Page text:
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The Ordinary Hardcover – Bargain Price, May 1, 2004

4.0 out of 5 stars 16 ratings

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Hardcover, Bargain Price, May 1, 2004
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Editorial Reviews

From Publishers Weekly

Set in the same future world as Kirith Kirin (2000), which won a Lambda Award, Grimsley's latest SF novel intimately explores the conflicts between magic and science, subconscious and conscious action, the past and the future. The planet of the tech-using Hormling of Senal is connected to the land of Irion, home of the magic-believing Erejhen, via the mysterious Twil Gate, a portal of unknown origins in the ocean. Although traders on both sides enjoy brisk commerce through the gate, Hormling leaders look more and more to Irion as a means to provide land and resources for their expanding civilization. Translator Jedda Martele, member of a Senal diplomatic mission to Irion, is caught in the middle when the delegation's true purpose is revealed: they are meant to be in place to parlay for a Hormling invasion force after it races through the gate to occupy strategic Irion ports, but they haven't reckoned with the ability of the so-called "backwards" Erejhen to handle invaders. Grimsley's finely textured societies have a clockwork intricacy that fascinates even as it dispels surprise. Unlike many "literary" authors who fail when they try to write SF, PEN/Hemingway Foundation Award winner Grimsley (Winter Birds) has the necessary world-building skills to shine brightly here.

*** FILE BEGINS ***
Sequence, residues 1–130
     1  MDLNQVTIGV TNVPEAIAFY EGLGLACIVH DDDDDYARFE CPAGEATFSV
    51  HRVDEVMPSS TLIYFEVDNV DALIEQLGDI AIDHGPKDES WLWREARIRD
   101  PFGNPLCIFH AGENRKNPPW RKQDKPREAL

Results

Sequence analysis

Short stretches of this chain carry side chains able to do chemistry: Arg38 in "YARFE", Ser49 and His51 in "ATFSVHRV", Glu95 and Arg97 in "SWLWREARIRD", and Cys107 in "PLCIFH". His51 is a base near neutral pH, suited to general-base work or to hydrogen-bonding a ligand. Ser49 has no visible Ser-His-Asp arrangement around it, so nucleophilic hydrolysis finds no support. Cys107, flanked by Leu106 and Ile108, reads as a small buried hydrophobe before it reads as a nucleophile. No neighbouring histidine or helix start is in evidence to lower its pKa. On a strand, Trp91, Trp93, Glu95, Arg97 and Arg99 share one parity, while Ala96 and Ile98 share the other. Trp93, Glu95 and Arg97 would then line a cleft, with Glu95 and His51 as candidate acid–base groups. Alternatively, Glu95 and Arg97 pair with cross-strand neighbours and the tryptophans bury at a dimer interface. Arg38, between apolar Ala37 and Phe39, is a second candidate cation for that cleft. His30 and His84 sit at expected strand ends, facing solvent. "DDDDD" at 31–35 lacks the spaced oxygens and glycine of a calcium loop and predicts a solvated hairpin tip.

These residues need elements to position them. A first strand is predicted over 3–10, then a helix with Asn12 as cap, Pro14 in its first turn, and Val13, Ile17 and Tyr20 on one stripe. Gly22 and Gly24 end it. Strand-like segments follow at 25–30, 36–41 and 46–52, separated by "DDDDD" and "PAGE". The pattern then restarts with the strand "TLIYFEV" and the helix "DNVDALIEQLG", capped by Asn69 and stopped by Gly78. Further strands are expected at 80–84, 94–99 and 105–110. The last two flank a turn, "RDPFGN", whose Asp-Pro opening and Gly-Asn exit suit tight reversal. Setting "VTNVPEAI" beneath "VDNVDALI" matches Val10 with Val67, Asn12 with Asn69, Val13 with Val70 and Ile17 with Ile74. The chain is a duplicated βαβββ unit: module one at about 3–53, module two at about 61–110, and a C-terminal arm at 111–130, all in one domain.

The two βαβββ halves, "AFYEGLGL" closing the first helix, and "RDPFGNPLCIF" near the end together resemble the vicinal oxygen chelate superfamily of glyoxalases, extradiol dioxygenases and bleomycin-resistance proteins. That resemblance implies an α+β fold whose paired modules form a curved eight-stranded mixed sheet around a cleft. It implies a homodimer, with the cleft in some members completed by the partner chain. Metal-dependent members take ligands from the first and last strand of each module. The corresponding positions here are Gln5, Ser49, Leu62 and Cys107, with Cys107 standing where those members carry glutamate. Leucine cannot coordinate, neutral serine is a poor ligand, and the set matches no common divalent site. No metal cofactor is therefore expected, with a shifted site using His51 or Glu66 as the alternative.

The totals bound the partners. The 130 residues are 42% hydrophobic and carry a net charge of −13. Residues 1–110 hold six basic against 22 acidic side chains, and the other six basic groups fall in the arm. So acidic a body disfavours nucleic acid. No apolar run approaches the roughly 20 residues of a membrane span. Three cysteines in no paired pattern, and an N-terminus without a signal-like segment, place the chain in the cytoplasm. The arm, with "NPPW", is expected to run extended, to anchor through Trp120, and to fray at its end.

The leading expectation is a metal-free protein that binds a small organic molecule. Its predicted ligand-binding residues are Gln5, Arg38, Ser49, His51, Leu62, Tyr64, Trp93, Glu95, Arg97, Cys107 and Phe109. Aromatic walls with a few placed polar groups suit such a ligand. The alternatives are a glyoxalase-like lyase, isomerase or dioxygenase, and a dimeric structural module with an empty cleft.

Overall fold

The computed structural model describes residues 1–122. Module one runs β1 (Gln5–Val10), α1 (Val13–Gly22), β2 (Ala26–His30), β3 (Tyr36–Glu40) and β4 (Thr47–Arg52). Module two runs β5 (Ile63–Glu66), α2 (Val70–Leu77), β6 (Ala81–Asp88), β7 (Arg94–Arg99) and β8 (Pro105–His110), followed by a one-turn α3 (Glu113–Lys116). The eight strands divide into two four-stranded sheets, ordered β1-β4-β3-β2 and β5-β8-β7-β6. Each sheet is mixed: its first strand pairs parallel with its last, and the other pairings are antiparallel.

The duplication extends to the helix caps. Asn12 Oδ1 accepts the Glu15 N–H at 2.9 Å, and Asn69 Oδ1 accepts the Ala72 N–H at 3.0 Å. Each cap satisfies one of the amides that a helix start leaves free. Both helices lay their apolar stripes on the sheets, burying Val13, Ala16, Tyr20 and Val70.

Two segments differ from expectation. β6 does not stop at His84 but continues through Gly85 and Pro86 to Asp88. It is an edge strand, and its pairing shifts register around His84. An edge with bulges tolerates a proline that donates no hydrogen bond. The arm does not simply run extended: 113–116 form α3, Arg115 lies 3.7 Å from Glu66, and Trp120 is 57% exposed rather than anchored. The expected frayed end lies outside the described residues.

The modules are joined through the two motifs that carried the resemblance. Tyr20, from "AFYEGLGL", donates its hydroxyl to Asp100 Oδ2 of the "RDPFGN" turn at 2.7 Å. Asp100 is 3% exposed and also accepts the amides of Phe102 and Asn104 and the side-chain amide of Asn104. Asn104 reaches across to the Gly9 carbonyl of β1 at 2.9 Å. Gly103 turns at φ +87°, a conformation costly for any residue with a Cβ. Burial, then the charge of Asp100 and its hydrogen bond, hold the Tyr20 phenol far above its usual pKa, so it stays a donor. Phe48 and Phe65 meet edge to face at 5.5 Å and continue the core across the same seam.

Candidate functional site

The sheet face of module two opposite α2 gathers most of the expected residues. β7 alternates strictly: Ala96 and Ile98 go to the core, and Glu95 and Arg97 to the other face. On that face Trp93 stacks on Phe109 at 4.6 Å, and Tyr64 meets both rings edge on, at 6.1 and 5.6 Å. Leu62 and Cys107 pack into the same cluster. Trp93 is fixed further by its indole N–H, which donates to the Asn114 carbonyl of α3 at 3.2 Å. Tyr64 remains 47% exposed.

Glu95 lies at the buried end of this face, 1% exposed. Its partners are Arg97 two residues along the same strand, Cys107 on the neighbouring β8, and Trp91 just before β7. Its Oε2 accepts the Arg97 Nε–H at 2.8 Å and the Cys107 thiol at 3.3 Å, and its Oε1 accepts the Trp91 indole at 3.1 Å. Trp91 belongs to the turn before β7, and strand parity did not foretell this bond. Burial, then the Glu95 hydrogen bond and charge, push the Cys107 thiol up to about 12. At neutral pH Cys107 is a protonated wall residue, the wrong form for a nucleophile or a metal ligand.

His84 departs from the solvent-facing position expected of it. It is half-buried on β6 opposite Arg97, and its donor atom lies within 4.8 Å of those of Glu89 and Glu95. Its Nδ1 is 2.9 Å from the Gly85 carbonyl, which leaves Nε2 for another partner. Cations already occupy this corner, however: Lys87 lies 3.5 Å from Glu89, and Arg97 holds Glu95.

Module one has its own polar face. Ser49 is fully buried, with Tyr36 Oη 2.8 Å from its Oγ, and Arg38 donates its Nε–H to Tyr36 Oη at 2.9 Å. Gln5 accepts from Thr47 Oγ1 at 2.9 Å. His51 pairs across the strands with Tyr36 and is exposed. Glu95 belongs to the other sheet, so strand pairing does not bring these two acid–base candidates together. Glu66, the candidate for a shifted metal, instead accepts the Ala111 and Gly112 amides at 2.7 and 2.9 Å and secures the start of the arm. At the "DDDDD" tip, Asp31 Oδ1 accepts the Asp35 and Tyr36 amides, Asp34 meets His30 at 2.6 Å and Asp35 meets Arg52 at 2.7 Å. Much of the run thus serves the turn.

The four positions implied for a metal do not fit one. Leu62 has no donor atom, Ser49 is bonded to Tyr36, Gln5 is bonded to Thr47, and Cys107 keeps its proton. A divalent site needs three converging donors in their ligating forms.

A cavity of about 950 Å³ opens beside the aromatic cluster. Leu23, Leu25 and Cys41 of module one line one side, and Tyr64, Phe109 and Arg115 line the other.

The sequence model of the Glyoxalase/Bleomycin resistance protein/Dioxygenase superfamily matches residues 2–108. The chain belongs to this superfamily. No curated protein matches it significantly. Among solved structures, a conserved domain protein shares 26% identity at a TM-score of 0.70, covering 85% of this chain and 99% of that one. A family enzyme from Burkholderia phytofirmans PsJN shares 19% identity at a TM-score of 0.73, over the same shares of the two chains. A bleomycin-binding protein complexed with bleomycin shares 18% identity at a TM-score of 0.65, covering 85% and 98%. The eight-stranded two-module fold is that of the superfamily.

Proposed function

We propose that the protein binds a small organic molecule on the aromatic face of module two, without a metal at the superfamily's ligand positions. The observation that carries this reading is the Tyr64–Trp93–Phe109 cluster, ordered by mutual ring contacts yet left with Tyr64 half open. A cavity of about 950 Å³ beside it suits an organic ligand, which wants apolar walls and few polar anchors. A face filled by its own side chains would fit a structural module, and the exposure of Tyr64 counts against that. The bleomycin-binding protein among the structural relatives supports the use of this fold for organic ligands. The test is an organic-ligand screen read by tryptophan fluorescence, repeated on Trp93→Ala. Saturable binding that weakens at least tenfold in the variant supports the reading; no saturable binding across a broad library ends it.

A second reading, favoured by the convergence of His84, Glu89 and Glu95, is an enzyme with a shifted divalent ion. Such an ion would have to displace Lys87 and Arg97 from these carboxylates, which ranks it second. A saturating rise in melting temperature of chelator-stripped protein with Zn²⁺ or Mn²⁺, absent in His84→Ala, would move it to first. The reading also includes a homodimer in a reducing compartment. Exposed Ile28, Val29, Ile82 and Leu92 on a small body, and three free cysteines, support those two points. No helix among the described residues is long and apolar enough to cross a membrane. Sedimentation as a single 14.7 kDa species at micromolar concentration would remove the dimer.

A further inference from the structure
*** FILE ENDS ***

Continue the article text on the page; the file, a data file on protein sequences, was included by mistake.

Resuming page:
Copyright © Reed Business Information, a division of Reed Elsevier Inc. All rights reserved.

From Booklist

*Starred Review* As an advanced, technology-based culture, the Hormling of Senal were perforce interested in exploring what lay beyond the Twil Gate, which they approached with astounding arrogance, certain that their knowledge was far superior to whatever primitive culture they would encounter there. And so it seemed, for a long time. For the inhabitants of Irion, on the other side, firmly believed in a flat world and in magic rather than science. Burgeoning to more than 30 billion in Senal, the Hormling were primarily interested in discovering and using Irion's resources. When brash Hormling officials present themselves as conquerors, though, they are rudely awakened by how unprimitive Irion is. Hormling linguist Jedda Martele's view of Irion changes quickly, for, nonjudgmental and open to learning and the new and unexpected, she soon gains friends in Irion. Magically transported to an earlier Irion, she meets Irion himself, the powerful magician who built the Twil Gate, and so begins a new life in which perceptions of who she is, her place in the world, and the world itself are drastically challenged and proven other than she could have imagined. Besides magic aplenty, there is a beautifully developed spirituality in mainstream novelist Grimsley's spare, poetic sf debut, and a compelling love story, too, making it a quiet sort of page-turner that elegantly evokes a reader's fascination and wonder. Paula Luedtke
Copyright © American Library Association. All rights reserved

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